Eighteen Forests, Zero Islands

Gerry Thompson made his mark with blue spells and mana, so why has he suddenly switched allegiances and gone green? Get his inimitable take on the metagame and a spicy Mono-Green Devotion list ahead of #SCGSTATES!

Spring 2014 State Championships

Hey, Mana Confluence is doing work!

Uh oh, R/W Burn annihilated the Mana Confluence decks.


It’s probably not what we wanted to happen, but it’s a step in the right direction. Then again, three copies of B/G Devotion made the Top 8 also,
so maybe it’s not? At least they all lost, proving that there are decks out there capable of destroying the best deck.

Overall, I think it was a good week.

Why I Won’t Be Playing Control

No, working for Wizards did not brainwash me.

I think.

I’ve gotten a reputation for being a “control guy,” but that’s sort of a misnomer. Decks like Faeries, Caw-Blade, Delver, and Flash all operated with cheap
spells and mostly at instant speed. They were also difficult to play against, which the current crop of control decks are not. Today’s U/W Control and its
variants are tap-out decks, and tap-out decks aren’t really my jam. I leave that stuff for Shaheen Soorani.

Planeswalkers are a focal point of U/W, and I’m skeptical that Jace, Architect of Thought (and even Elspeth, Sun’s Champion) will be useful at all points
of a game. There are several times per tournament where there will be multiple Planeswalkers clogging your hand or you’ll be staring down a Stormbreath
Dragon or similarly sized monster that Jace doesn’t handle very well. That will likely cause you to fall behind, making those Planeswalkers even worse as
the game goes further.

If I’m playing a control deck, I want my cards to be effective at all points in the game (and preferably cheap), which Planeswalkers are not. They are
expensive and their power level varies depending on the game state, which means that some of the time, they are very, very bad.

The decks I liked flowed well with cheap card drawing, but U/W uses Temples for that, which is worse for a lot of reasons. I look at draw-twos, like
Divination and Think Twice, as a card that will hopefully replace itself with another spell and give me another land to work with. That way, I can
continually use my mana every turn to answer threats without ever missing land drops.

Relying on the Temples is obviously a viable strategy. I just don’t like the pressure it puts on you to have six mana on Turn 6 plus Elspeth, while also
requiring that you handle all their threats leading up to that point. U/W’s mana curve is higher than previous “control” decks I’ve played, and without a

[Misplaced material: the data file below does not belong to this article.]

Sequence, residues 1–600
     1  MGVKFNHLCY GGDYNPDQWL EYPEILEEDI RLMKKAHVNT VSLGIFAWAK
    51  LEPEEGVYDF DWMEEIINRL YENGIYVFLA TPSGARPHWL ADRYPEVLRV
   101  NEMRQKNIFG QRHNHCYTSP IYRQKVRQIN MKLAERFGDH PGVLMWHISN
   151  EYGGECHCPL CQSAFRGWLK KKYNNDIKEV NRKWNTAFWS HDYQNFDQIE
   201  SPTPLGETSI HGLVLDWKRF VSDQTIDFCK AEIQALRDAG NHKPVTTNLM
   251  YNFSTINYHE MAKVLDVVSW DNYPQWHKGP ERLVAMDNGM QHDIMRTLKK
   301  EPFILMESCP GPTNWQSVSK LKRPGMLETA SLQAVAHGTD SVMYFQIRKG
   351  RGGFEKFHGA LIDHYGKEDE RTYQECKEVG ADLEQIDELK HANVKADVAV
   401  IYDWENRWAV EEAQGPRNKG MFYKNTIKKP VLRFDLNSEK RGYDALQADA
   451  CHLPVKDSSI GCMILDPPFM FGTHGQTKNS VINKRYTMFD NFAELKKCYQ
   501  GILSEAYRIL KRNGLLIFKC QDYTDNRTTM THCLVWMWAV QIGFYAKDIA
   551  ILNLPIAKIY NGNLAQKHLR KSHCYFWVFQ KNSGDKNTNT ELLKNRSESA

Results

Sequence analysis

cheap draw-two to ensure you hit your land drops and continually have answers, I’m going to stay away from those decks.

Divination is an option, but isn’t something I’m happy to register on my decklist either, plus that card doesn’t really fit into the tap-out strategy. You
are hoping to gain card advantage with Supreme Verdict, Jace, Elspeth, and eventually Sphinx’s Revelation, so a cheap draw-two impacts the game very
little. In the games you lose, you will likely die with expensive spells you never got a chance to cast. In those scenarios, a Divination isn’t really
going to help you. You’re not attempting to grind out small edges, and with the Temples, you probably don’t need the help making the land drops.

As it stands, Divination isn’t really what U/W wants to be doing right now, unless you’re playing an attrition-based matchup. If you really wanted some
card drawing, I would suggest looking into Font of Fortunes, though.

If I were going to play U/W, Eric Rill’s Cincinnati decklist is
close to what I would want, but I think that’s because the curve is lower, he’s got a lot of lands, and he has more instant-speed interaction with
Celestial Flare. That said, trying to bring the deck more in line with the Flash decks from last season is not necessarily a good solution. If a
Flash-style deck were viable, we would have seen it already, so there’s no point in trying to warp an already good deck to be more in line with my
preferred playstyle.

Basically, I’d rather be playing a deck based on draw-twos and cheap removal than Temples and bombs, both because I think it’s a strategically superior
strategy and because I enjoy it more. However, the decks that I’d prefer aren’t exactly viable at the moment, so I have no other option except to look

I don’t enjoy playing tap-out control decks and a significant contributing factor is that I’m not as familiar with them and therefore can’t build them as
well as I could a Flash deck.

I’m better off just finding a different deck.

The Return of Forests

A quick glance at the mythic rares in my Magic Online collection showed me that I’ve been playing a lot of green, white, and red since my return. I’ve also
been playing various black devotion variants, but those decks don’t have a lot of mythics!

So far, I’ve tried Mono-Black Devotion (with a light splash for Negate and Notion Thief), B/G Devotion, G/B Midrange, G/W Midrange, G/R Devotion, and now
Mono-Green Devotion.